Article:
Pukaar News – Leicester

Hairspray at Curve Not to be Missed

image Courtesy of Curve Theatre

Image Courtesy of Curve Theatre

If you don’t like cheesy musicals, look away now! Because Curve’s new production of Hairspray is the epitome of a great cheesy night at the theatre –an all-singing, all-dancing, all-smiling extravaganza that is full of fun and not to be missed!

 

The Tony Award winning Hairspray tells the story of Tracy Turnblad, an overweight teen who loves to dance and longs to be famous. Her dream is to appear on the Corny Collins Show, and she secures a place, competing with rival Amber for both love (with heart throb Link Larkin), and the hotly contested title of Miss Teenage Hairspray. The big girl with a big heart wants to change the world, and with some help along the way, she attempts to integrate the TV channel and change the racial status quo of 1960s Baltimore.

 

The musical comedy took a little while to find its feet and some of the jokes seemed slightly lost at the beginning but despite a weaker opening, once the actors warmed up and got going, there was no stopping them!

 

Comic timing improved as confidence grew, and the humour of the show really became its focus. From the cheeky innuendos to the brilliant one-liners, there were some hilarious moments that left the audience in raucous laughter. The cast’s energy grew with every high kick and high note, and Lee Proud’s slick choreography perfectly depicted the dance moves of an era that youngsters across the world would have attempted to emulate.

 

Directed by Curve veteran Paul Kerryson, one of the show’s strongest aspects was its vibrancy, both in the vivid set and the brightly coloured costumes, as well as the vocal richness. The contrast between soulful rhythm and blues and classic 1960s rock and roll music let the cast show off a range of voices, leading to moments of awe when the audience could not wait to begin cheering – a highlight was rousing number ‘Welcome to the 60s’.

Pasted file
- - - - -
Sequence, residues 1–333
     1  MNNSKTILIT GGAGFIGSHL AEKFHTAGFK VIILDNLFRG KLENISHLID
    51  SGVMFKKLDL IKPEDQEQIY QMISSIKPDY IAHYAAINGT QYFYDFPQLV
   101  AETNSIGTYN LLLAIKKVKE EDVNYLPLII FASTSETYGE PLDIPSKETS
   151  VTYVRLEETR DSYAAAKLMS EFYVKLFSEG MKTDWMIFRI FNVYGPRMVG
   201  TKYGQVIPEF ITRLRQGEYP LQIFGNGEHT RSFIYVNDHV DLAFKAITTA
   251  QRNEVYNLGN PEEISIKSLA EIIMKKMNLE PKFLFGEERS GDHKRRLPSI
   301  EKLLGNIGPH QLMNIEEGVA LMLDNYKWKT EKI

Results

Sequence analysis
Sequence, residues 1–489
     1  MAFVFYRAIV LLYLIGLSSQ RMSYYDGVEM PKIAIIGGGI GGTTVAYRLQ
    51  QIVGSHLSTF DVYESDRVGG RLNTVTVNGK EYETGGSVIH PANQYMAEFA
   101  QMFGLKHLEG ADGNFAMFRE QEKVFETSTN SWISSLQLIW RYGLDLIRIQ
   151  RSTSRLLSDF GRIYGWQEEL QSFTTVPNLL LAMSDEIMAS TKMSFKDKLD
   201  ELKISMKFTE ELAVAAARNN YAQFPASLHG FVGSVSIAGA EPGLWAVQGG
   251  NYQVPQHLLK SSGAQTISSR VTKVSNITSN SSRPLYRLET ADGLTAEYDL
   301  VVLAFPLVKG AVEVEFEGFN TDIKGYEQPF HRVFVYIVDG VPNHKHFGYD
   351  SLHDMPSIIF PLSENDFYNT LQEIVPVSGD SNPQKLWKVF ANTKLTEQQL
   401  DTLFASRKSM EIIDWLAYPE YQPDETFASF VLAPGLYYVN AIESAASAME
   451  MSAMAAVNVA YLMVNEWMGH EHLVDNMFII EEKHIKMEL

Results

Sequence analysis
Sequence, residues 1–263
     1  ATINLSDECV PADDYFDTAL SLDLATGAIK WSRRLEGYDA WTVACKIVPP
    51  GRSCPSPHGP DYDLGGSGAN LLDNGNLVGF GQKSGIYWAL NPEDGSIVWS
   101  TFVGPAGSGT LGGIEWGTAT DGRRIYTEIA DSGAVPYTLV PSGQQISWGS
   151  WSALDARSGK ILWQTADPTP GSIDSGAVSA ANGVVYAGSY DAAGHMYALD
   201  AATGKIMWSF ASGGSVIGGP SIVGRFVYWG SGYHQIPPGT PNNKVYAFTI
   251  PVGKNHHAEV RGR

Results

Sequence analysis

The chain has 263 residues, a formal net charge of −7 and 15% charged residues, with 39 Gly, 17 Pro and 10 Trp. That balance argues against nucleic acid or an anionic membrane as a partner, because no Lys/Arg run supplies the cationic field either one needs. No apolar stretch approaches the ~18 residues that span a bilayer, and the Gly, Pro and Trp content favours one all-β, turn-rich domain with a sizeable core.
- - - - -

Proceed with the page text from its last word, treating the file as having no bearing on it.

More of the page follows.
Image: Curve Theatre

Image Courtesy of Curve Theatre

Claudia Kariuki’s (Motor Mouth) rendition of the emotional “I know where I’ve been” provided a moving interlude between the humour, and served to reiterate the social commentary of the production. The set used multiple TV screens to add a nostalgic atmosphere of 60s adverts, whilst often reminding people to align the fictional story with history through the use of real photographs.

 

Hairspray featured a strong ensemble, and the principals were all convincing in their roles, playing up to the exaggeratedly funny style of the production expertly. The real star of the show for me was Zizi Strallen. Her performance as Tracy’s goofy friend Penny Pingleton was comedy gold, and it was hard not to watch her on stage, from the painfully awkward dancing to the outrageous flirting.

 

With a strong cast and the feel good factor, Hairspray will have you tapping your feet in the first half, and desperate to get on stage and join in the dancing by the end of the second – a musical that would leave anyone with a smile on their faces!

 

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Hairspray continues its run at Curve until 5 April 2014. For tickets go to www.curveonline.co.uk/hairspray or contact the Box Office on 0116 242 3595.

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